A major contributor to the 2008 financial crisis was collapsing bond values, as vast amounts of debt bearing investment grade ratings proved to be much riskier, and shakier, than the rating agencies had led investors to believe. Highly inflated bond ratings threaten to create a new financial debacle in this multi-trillion-dollar market. The leading bond rating agencies, S&P, Moody's, Fitch, and their competitors are giving increasingly optimistic ratings as they fight for market share.
“The victims are the investors,” as Marshall Glick, a portfolio manager at investment firm AllianceBernstein, told The Wall Street Journal. Greg Michaud, director of real estate at Voya Investment Management, which holds $21 billion in commercial-real-estate debt, agrees. “We don’t trust the ratings,” he said, as quoted in the same report.
Significance for Investors
While the rating agencies are relied upon by investors, they are paid by the companies whose debt they evaluate, creating a serious conflict of interest. Glick was among a group of investment managers who complained to the SEC about inflated ratings, and the ability of bond issuers to shop around for the best ratings.
The Journal analyzed about 30,000 ratings within a database containing $3 trillion of structured securities issued between 2008 and 2019, which was compiled by Finsight.com. These ratings were issued by the three major firms, S&P, Moody's, and Fitch, as well as three smaller competitors that entered the business after the financial crisis, DBRS, Kroll Bond Rating Agency, and Morningstar.
The Journal found that the three newcomers have been more likely than the established rating agencies to issue high ratings, sometimes even issuing top-notch AAA ratings to bonds that other firms have classified as junk. As a result, the expectation among regulators that increasing competition among rating agencies would produce more accurate ratings seems to have failed.
Based on data since 2012, the Journal's study finds that the 6 rating agencies often have enjoyed temporary increases in market share after changing their rating criteria. This finding suggests that they may bid for more business by relaxing their evaluation methods.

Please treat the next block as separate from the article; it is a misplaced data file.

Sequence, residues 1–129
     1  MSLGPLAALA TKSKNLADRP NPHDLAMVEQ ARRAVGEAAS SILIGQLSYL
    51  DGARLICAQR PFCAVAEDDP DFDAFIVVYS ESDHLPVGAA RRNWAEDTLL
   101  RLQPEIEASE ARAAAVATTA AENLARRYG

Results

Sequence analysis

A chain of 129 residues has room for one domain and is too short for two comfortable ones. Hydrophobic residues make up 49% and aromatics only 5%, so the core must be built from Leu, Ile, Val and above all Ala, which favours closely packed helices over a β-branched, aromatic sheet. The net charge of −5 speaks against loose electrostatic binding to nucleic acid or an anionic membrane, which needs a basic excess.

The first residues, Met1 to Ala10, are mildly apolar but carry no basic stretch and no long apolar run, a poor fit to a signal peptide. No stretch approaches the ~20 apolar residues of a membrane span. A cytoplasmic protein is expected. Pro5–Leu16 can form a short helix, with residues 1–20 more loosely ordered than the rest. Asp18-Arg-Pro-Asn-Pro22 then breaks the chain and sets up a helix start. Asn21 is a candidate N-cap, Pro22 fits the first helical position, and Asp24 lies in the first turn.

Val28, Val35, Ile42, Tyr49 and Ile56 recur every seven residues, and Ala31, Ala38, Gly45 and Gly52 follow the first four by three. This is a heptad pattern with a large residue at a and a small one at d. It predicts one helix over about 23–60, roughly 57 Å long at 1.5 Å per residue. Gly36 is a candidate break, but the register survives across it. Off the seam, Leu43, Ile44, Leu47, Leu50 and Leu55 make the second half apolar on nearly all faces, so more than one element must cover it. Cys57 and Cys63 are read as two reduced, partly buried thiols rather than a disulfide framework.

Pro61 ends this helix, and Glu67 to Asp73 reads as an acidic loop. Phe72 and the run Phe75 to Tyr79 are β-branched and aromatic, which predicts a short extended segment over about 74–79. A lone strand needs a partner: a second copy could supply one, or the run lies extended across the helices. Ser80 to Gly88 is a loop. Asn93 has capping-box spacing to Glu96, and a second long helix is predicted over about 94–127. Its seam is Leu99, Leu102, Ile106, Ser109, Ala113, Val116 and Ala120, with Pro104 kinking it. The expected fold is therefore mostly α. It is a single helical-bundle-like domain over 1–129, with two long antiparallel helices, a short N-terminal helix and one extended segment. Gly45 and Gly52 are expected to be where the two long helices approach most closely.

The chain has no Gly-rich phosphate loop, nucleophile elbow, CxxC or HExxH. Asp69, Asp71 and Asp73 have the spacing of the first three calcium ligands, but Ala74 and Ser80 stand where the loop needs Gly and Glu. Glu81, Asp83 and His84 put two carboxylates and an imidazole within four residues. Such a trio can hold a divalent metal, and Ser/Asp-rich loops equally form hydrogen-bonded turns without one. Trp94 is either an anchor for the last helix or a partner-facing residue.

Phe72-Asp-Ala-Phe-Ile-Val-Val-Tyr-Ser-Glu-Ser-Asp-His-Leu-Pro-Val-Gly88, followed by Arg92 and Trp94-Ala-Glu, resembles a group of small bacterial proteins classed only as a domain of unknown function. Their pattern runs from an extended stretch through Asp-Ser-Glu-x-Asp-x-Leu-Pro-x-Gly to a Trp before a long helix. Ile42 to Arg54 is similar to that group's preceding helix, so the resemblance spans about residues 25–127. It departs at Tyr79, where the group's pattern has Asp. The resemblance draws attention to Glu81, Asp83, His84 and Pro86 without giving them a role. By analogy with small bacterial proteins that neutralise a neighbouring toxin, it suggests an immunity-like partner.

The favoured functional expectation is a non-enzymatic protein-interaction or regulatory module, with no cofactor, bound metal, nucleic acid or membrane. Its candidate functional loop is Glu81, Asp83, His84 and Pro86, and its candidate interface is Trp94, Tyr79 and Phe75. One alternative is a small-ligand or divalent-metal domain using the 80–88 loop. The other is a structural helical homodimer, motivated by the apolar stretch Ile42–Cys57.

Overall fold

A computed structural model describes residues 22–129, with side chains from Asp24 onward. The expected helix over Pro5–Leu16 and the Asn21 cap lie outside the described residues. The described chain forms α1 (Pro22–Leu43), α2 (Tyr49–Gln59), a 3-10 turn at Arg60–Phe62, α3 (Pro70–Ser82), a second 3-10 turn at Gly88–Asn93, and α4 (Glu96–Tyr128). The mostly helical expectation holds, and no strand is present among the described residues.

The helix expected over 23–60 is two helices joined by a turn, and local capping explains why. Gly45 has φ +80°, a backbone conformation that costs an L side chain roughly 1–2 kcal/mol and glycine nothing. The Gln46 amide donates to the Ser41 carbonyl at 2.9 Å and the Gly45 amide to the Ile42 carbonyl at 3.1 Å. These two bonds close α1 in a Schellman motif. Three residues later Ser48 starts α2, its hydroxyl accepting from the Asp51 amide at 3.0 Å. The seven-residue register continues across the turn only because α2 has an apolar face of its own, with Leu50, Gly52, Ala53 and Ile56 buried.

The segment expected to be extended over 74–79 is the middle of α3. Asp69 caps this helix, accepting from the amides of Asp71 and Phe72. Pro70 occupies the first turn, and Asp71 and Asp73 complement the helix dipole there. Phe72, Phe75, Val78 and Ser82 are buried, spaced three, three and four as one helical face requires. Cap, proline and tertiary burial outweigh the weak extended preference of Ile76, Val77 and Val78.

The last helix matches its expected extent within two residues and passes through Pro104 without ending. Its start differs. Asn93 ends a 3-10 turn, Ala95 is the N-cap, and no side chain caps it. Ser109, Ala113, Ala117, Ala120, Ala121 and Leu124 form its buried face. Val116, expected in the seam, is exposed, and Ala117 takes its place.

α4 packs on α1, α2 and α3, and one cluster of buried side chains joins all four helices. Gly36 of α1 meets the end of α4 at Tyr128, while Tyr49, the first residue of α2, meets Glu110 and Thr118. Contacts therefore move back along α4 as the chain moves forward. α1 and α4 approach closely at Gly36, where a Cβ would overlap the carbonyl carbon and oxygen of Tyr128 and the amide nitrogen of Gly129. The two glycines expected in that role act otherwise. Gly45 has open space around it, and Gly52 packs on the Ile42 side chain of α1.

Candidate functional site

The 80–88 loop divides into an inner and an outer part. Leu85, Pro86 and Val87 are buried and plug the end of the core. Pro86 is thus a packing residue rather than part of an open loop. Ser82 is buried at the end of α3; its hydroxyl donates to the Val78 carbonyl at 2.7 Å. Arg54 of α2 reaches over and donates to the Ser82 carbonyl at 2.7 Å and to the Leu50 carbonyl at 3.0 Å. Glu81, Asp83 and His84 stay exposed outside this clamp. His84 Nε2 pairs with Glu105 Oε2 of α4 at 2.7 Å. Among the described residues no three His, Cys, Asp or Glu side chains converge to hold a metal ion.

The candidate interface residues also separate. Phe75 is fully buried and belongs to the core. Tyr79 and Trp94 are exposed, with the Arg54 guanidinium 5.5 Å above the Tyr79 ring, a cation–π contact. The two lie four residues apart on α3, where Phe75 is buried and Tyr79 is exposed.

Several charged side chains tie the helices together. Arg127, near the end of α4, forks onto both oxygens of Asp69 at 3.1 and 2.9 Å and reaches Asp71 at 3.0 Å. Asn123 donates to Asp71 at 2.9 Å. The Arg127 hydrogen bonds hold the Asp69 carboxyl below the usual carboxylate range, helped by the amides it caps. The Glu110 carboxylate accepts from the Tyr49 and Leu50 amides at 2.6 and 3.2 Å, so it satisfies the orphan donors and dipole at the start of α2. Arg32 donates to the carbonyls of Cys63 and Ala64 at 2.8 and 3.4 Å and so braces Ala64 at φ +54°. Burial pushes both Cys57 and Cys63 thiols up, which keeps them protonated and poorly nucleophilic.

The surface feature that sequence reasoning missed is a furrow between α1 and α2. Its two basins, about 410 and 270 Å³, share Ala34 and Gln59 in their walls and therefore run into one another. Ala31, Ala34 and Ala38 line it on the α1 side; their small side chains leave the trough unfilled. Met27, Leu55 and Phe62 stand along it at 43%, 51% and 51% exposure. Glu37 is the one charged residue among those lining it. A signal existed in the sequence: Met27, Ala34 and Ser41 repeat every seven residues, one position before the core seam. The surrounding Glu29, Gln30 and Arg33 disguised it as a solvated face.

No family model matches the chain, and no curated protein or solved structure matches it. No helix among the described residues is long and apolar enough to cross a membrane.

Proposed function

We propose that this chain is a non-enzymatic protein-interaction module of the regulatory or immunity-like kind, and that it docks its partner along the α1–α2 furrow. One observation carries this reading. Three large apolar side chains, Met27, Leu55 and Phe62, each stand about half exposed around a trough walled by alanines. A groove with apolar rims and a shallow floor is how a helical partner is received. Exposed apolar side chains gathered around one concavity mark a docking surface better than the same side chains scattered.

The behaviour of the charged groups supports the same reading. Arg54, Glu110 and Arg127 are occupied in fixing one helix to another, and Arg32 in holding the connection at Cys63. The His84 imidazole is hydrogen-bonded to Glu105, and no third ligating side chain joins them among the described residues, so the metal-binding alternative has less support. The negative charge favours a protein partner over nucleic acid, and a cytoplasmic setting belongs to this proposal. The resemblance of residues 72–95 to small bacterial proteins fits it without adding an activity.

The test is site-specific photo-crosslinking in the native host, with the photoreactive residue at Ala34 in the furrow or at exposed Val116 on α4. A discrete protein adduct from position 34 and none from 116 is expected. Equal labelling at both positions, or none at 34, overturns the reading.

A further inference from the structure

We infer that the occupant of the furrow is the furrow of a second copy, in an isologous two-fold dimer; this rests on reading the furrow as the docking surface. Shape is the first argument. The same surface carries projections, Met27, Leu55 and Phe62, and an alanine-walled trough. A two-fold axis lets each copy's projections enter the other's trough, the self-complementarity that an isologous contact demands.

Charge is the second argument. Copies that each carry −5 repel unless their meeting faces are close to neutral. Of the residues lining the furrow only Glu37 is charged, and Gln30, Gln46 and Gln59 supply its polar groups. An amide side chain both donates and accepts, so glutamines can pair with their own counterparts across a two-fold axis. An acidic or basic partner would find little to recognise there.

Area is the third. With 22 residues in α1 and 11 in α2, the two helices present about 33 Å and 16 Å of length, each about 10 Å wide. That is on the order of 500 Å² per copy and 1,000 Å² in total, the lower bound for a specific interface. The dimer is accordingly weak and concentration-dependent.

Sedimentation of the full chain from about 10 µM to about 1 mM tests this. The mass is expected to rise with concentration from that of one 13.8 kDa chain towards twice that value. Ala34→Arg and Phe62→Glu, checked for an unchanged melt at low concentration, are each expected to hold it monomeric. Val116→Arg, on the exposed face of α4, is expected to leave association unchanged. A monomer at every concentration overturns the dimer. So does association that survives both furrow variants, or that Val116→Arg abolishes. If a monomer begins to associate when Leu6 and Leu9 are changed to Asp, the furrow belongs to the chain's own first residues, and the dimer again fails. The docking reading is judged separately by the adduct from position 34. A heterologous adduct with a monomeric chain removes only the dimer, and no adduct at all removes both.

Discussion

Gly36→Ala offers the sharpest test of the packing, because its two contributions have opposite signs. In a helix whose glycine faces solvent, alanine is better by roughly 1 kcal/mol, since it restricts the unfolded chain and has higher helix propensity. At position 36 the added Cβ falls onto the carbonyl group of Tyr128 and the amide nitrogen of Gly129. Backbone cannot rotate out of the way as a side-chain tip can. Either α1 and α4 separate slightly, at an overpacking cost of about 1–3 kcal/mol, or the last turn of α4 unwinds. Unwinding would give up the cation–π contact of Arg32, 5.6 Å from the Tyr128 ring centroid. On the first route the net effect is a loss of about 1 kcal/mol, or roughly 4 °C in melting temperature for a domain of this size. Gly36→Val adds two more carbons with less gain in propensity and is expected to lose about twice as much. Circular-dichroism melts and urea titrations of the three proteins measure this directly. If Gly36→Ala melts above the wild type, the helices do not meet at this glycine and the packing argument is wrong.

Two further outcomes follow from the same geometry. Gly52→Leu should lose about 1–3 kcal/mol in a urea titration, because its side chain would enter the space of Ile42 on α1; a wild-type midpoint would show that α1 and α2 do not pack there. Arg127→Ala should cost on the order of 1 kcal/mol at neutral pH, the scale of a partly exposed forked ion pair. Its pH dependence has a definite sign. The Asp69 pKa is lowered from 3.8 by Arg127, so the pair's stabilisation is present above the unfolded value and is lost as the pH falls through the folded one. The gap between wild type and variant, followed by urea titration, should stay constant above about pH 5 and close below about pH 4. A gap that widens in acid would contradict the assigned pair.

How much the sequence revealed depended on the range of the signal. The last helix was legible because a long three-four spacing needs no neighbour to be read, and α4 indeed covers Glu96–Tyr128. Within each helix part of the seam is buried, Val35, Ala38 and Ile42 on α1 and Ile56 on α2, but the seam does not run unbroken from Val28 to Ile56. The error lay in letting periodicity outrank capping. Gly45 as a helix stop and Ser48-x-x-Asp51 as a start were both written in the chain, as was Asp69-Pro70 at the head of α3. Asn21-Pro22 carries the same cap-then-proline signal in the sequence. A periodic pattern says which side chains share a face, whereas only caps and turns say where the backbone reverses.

Federal Reserve Chairman Jerome Powell is among those who are concerned. During a speech in May, he singled out collateralized loan obligations (CLOs), debt instruments backed by loans to risky corporate borrowers, and often used to fund acquisitions. “Once again, we see a category of debt that is growing faster than the income of the borrowers even as lenders loosen underwriting standards," Powell said, per the Journal.
To resolve litigation arising from crashing values of debt during the financial crisis. S&P paid out $1.5 billion, while Moody's settled for $684 million, per the Journal. S&P admitted that it changed its models in order to gain market share, but neither firm admitted wrongdoing.
Stephanie Pomboy, founder of economic consulting firm MacroMavens, is among those who foresaw the subprime mortgage crisis, which preceded the more general financial crisis of 2008. "In 2007, the lie was that you could take a cornucopia of crap, package it together, and somehow make it AAA. This time, the lie is that you can take a bunch of bonds that trade by appointment, lump them together in an ETF, and magically make them liquid,” Pomboy observed during an in-depth interview with Barron's.
Meanwhile, Chris Senyek, senior macro research analyst, chief investment strategist and lead quantitative analyst at Wolfe Research, is monitoring 10 asset bubbles whose implosion may turn a “run-of-the-mill recession into a full-blown financial crisis,” as he warned in a note to clients that was cited in another Barron's report. These bubbles include U.S. corporate debt, U.S. leveraged loans, European debt, and even U.S. government debt.